PALO ALTO, CA. (TheStreet) -- I have now driven the all-electric Mercedes luxury car, and I'll attempt to compare it against its competitors, primarily the BMW i3 but also the Nissan LEAF and the Chevrolet Volt.

The electric Mercedes will start to appear in dealerships in July, and the base price is $42,375 including mandatory $925 destination charge. The gasoline and diesel-powered Mercedes B-Class has never been sold in the U.S., and there are not plans for them yet to do so.

The Mercedes all-electric is a short but tall station wagon. The length is 171.6 inches, and the width is 70.3 inches. These dimensions are important because they make this car extremely easy to park as well as maneuver in city traffic and other tight spaces.

Yet, the Mercedes has more than sufficient room for five adults at least six feet tall, and the luggage space is ample. Basically, the packaging of this car is outstanding. It is easy to get in and out, such as for a tall person or someone who has a bad back or is a bit older and stiffer.

What you really want to know is how it compares to the other major electric cars in its class. Most especially, it goes head-to-head with the electric-only version of the BMW i3, which is seeing its first US deliveries this week, having been in European consumer hands since last November 16.

Let's start with range. Mercedes expects to be EPA rated at 85 miles. My testing suggested that this is eminently achievable even during spirited driving. I wouldn't be surprised to see the range rated at 90 miles or more. As with the California-only Toyota RAV4 EV, however, you can charge it to a higher level, adding approximately 15% to capacity and range. This could push the range to just over 100 miles, perhaps 104 miles.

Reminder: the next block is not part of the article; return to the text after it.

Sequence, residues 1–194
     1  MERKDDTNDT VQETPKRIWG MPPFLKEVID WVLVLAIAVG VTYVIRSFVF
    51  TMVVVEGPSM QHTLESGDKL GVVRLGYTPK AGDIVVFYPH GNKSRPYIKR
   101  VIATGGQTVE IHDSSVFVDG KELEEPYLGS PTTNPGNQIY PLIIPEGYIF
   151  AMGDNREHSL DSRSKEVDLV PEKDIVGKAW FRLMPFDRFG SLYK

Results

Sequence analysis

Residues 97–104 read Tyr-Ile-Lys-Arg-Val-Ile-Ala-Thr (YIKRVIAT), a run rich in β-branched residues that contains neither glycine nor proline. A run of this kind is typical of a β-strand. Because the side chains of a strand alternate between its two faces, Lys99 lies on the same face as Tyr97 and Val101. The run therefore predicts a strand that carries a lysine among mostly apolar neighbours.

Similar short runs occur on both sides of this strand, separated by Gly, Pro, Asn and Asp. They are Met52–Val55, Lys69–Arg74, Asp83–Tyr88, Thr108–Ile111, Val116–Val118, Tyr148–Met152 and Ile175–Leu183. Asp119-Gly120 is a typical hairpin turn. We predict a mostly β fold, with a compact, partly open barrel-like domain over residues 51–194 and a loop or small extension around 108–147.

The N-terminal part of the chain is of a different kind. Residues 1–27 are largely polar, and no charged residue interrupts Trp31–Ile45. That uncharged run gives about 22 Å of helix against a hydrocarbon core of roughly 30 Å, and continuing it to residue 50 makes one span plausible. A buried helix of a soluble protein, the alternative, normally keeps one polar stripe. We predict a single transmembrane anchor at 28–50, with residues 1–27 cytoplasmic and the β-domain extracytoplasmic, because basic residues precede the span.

As of this writing, the release of the BMW i3's EPA-rated range was imminent. Most people have guessed the BMWs range somewhere around 90 miles as well.

From this perspective, given that the base prices of the BMW and Mercedes are similar, the Mercedes offers more: Up to 15% more range, plus what appears to be a higher level of standard equipment, including front-facing radar (part of a $2,500 option package on the BMW) and non-cloth seats.

When you combine this with the Mercedes fitting a 3rd person in the back seat, and the much larger luggage space, the choice seems easy. However, the story doesn't end there. The BMW offers two options that could be crucial decision factors for some buyers: 1. A $700 option, the BMW offers DC charging, which could give you almost 70 miles of range in 30 minutes. Mercedes has no such thing. 2. A $3,850 option, the BMW offers a gasoline generator with a two-gallon tank, adding close to 70 miles of extra range. This is likely to be a very popular option as it takes range anxiety off the table.

As a result, one could argue this Mercedes-BMW comparison two ways: Comparing the base cars, Mercedes is the clear value winner. However, the BMW can be optioned to deliver something where Mercedes simply doesn't compete. And either way, the Mercedes offers more interior room.

The struggle between Mercedes and BMW is one thing, but one could argue that the greater opportunity is to take sales from Nissan's best-selling EV, the LEAF. The price of a well-equipped LEAF is $35,870, which isn't that much less than the $42,375 Mercedes.